Behind every product is a product, almost invariably a computer-aided design (CAD) software package known as Solidworks. If you are a designer and want to draft a belt buckle for a new handbag, you have to use this software to carefully extrude the metal contours so that it is ready for manufacturing. Nearly every physical object we use – from our iPhones and headphones to our paper towel holders and toilet seat covers – started off as bits inside a computer.
Solidworks is now twenty years old though, and the package is starting to show its age. Collaboration is immensely tough, since it continues to use a file model not dissimilar from Microsoft Word. When you have product development teams with dozens if not hundreds of members, separating out parts of a product and tracking changes across sub-teams becomes an almost impossible problem to tackle.
That’s why a number of veterans of Solidworks, including its original founder Jon Hirschtick, have come together to completely reimagine how product design can happen in the age of the cloud. In the process, they have built an online software product that is nothing short of a technological marvel.
Hybrid Cloud And Computer Rendering
Onshape, which launched in public beta today, is an eye-popping product. Product designers can now edit and share their CAD designs across computers, and even more amazingly, across devices. All in the browser. All in real-time.
The team’s secret is to take a hybrid approach to calculating the surfaces and motion of a product. In addition to using the processor of the user’s device, Onshape also connects to a cloud infrastructure to immediately render complex products, regardless of the technical capabilities of the device. When a user changes a part of a product like increasing the bevel of a corner, the device immediately synchronizes with the cloud to compute the new geometry. From the user’s perspective, there is almost no lag in the rendering at all.
What particularly caught my eye though during a demo last week was the touch interface available on smartphones. While moving around the viewport and zooming into various parts of a design were quite fluid, the real surprise was the ability to actually edit components of a product right from the device. As one founder told me during our discussion, “You can be at the airport and say someone wants another hole in a product. Now you can actually do that as you are boarding the plane.”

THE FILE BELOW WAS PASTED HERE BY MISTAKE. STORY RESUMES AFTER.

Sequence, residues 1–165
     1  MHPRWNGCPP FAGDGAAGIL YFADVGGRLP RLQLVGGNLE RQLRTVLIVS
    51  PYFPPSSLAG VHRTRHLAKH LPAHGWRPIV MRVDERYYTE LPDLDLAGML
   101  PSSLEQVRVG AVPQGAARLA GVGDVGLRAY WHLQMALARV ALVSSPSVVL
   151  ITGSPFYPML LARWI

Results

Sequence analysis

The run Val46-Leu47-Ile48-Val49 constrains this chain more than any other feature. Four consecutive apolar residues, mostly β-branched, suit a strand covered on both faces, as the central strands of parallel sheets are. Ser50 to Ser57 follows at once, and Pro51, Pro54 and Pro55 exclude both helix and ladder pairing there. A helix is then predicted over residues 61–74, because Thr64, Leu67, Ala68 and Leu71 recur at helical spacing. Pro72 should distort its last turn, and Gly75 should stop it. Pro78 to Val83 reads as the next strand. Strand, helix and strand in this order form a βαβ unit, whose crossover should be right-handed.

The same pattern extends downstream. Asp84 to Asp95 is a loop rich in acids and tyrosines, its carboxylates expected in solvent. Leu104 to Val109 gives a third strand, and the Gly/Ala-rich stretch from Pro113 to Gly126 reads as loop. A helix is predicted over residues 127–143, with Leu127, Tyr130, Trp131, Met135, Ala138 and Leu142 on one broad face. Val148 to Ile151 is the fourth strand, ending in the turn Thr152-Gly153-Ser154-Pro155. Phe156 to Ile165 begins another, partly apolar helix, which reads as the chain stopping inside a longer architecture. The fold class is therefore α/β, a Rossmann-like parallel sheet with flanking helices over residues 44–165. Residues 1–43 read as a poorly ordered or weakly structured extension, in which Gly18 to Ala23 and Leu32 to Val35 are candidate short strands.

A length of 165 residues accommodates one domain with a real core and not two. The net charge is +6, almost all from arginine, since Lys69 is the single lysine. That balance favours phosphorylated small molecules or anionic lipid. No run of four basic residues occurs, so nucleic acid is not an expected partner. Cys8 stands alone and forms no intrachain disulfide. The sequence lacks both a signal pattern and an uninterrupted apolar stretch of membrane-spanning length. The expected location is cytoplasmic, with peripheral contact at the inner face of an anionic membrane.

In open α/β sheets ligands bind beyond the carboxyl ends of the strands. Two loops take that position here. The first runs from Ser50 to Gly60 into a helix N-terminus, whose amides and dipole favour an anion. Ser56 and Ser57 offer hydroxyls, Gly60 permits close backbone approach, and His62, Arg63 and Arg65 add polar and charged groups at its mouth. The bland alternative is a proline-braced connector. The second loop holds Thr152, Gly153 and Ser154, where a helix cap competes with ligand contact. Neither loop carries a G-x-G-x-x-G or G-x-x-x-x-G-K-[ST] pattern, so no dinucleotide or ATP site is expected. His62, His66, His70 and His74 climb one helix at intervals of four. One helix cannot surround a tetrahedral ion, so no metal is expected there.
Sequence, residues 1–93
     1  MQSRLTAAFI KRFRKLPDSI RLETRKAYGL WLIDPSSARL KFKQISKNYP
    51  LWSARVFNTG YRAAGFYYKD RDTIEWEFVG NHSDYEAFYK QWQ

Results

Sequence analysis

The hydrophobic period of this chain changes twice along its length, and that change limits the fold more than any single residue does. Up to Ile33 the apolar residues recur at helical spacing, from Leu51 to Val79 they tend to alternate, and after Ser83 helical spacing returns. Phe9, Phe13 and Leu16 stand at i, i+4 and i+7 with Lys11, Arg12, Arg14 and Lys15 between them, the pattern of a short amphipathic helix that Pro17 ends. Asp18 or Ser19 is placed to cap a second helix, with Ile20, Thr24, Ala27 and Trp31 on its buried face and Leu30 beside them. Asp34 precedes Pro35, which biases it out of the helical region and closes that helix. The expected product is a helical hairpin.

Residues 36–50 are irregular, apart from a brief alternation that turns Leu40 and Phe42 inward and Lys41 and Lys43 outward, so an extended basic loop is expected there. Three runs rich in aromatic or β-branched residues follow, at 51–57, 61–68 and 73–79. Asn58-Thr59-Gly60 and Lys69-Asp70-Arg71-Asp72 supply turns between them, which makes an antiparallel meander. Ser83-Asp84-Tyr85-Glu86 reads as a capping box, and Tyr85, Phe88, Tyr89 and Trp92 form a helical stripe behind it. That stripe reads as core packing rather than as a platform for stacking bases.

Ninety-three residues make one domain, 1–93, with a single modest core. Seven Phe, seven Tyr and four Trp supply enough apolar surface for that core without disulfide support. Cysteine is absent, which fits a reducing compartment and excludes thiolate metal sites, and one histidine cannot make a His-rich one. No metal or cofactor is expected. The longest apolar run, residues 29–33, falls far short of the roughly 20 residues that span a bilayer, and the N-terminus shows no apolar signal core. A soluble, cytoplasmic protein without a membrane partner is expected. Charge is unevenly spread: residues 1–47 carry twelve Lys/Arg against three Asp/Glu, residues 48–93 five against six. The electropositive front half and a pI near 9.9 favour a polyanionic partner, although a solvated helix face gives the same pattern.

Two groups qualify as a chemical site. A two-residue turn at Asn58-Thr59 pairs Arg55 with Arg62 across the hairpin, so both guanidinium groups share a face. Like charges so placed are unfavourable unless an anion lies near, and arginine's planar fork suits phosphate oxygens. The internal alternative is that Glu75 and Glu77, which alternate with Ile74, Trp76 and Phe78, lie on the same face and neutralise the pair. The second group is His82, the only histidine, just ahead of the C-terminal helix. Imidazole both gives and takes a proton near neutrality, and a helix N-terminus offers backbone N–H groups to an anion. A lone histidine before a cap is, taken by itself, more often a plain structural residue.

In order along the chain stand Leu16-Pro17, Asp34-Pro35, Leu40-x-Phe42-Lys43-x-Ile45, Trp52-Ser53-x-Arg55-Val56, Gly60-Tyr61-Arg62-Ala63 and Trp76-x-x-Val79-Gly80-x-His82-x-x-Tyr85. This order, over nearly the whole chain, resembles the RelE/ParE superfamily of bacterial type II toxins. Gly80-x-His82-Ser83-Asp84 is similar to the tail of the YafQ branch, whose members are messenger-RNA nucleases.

Building a CAD system from scratch does not come cheap. Hirschtick said that “building a new CAD company is like starting a new car company.” The team has already raised $64 million across three rounds from North Bridge, NEA, and Commonwealth Capital Partners before launching its public beta today. Already, the team has grown beyond fifty individuals at the company’s headquarters in Northwest Cambridge.
Instant Worldwide Collaboration
But of course, building all of this in the browser is just table stakes in a mature business like product design. The real value of all of this cloud infrastructure is how it can change the way that teams operate.
A lot has changed since Solidworks was launched two decades ago. Engineering teams are now more globalized than ever, with little expectation of being in the same time zone let alone the same continent. Product complexity has also increased, necessitating larger engineering teams with more sophisticated product design strategies. And of course, the kinds of devices we use every day have changed.
Onshape provides what is essentially a GitHub for CAD interface to its users. Users can now easily branch a product in different directions, and later merge their edits back together. John McEleney, another founder of the startup and a former head of Solidworks, said that in the past, “If they work on the wrong files, people only realize it much later when then manufacture them.” Such mistakes could have real financial and timeline consequences for companies racing to get products to market.
In addition to the ability to safely work on models, the team has also created a real-time collaboration system for engineers working together. One feature of Onshape allows a user to track another user’s viewport and follow it around. So if you are on a conference call, you can now easily follow a discussion about a product simply by watching your projector or iPad.
All of that cloud software also means the elimination of software licenses and actual installed software. With today’s product launch, individual users may sign up for a Free Subscription Plan, and others may buy the Professional Subscription Plan.
While some companies may be concerned about leaving all of their data in the cloud, Hirschtick believes this approach is the future of the industry. “People say they are worried about my data in the cloud,” he explained, “The response is that you should worry about your data not being in the cloud.”
So far, the approach of Onshape has caught on among a number of early users. The company has had about 1000 users testing the platform so far, building the next generation of products across a range of industries. While the product already sports a full suite of features, the company will also be launching others including a drafts mode in the next few months.
The internet may be maturing, but there remain whole industries that still look like they have never left the era of Windows 95. Onshape has an opportunity to provide a quantum leap to an industry that is the mother of all of our products.Featured Image: OnShape